Playing the Short Game

The editors of S&P's The Outlook answer investor questions on the ins and outs of short-selling -- and whether dividend reinvestment makes sense

The editors of Standard & Poor's weekly investing newsletter, The Outlook, field numerous queries from readers about a variety of topics. Here are answers to two timely questions, adapted from an article in the Jan. 14, 2004, issue:

Q: What exactly is short-selling? Is this tactic advisable?


When an investor sells a stock short, he is essentially borrowing shares at a specific price in the hope that they will drop in value. If the stock goes down, the investor can replace the borrowed shares at a lower price and book a profit. Many market participants, particularly long-term investors, dislike short-sellers because they can be vocal in criticizing the companies they are shorting, in an effort to push stock prices lower. Other investors view shortsellers as a necessary force in the market.

Regardless of your opinion, shorting stocks comes with substantial risk. Because a stock's upside is unlimited, at least theoretically, so too is the risk undertaken by someone selling a stock short. Also, the broker who has lent the shares can ask the short-seller to close the position if it looks like the trade is getting out of hand, forcing the realization of a loss. In some cases, short-sellers covering their positions at the same time cause a "short squeeze," a vicious cycle that pushes a stock's price higher.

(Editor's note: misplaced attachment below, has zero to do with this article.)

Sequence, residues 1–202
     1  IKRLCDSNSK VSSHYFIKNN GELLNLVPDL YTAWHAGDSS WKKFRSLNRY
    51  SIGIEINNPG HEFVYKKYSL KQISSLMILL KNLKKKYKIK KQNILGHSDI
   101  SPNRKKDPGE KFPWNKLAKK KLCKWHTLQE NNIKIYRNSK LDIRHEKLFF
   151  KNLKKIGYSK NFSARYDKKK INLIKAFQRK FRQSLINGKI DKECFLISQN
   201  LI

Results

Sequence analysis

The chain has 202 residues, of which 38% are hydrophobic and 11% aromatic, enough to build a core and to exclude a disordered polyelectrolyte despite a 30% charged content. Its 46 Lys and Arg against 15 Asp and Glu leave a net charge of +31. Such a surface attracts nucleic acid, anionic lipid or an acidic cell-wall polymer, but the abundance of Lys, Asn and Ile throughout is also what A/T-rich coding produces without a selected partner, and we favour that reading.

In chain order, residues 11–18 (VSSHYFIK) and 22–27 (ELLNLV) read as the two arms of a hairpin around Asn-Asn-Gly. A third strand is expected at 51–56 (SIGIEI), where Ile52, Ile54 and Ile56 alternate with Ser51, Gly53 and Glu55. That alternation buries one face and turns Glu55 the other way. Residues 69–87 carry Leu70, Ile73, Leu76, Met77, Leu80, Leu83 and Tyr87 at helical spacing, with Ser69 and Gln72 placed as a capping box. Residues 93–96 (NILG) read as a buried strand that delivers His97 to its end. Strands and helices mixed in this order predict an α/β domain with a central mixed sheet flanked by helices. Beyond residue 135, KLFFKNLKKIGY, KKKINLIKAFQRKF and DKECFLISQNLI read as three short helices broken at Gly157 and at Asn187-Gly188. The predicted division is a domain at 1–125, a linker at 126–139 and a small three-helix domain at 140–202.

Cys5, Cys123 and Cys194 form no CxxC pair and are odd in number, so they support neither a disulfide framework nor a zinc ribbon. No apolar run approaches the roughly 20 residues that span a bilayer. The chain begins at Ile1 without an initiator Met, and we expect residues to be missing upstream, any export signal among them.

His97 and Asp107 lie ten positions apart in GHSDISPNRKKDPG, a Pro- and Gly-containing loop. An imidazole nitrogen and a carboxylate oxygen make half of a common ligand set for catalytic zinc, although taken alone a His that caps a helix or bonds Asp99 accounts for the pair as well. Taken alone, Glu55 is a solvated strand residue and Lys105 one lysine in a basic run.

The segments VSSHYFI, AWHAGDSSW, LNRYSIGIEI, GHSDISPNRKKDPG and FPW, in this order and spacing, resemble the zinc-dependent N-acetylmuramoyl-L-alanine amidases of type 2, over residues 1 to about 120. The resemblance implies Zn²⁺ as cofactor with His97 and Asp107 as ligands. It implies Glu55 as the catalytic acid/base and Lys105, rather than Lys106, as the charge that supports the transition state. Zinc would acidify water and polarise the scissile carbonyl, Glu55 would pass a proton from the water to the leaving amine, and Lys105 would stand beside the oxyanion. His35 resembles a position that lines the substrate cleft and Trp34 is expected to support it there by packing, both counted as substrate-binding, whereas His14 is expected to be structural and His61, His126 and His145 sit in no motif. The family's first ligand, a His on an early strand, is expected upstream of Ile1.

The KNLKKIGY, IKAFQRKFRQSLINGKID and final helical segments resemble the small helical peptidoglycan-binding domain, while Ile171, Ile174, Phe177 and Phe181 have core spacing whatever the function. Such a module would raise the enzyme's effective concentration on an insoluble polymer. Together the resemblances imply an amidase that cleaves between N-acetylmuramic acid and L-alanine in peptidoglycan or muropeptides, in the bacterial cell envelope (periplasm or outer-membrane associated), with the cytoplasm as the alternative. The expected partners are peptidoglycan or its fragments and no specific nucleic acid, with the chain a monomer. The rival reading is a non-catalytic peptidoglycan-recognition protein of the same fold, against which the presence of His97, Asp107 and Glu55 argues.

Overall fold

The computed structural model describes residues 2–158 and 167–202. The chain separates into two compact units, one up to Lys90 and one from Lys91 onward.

Because of the risk involved, shorting isn't advisable for most investors. However, there are other less risky ways to profit from a declining stock. One conservative strategy, in S&P's view, is to buy a put option. This would give you the right to sell the stock at a fixed price, but wouldn't force you to do so. In other words, your risk would be limited to the price you paid for the option.

Q: Does reinvesting dividends make much of a difference?


Deciding what to do with your dividends will largely depend on your investing goals. For example, if you designed your portfolio with income in mind, then the dividends you receive will likely be used for expenditures. If, on the other hand, you can afford to reinvest your dividends, this can provide a powerful boost to your portfolio's return. The reason is simply the benefit of compounding, which makes reinvesting dividends especially helpful to investors with time on their side.

The S&P 500 index provides a good example. In 2003, the "500" gained 26.4% on a capital appreciation basis. With dividends reinvested, the index rose 28.7%. Over the past 10 years, the index was up 138.4% in terms of capital appreciation, while total return (including reinvested dividends) amounted to 185.5%.

We think the message is clear: Buying dividend-paying stocks and reinvesting the payments can produce stellar results for long-term investors. And bear in mind that stocks with steadily increasing dividends add another dimension to the compounding effect.

From Standard & Poor's weekly investing newsletter, The Outlook

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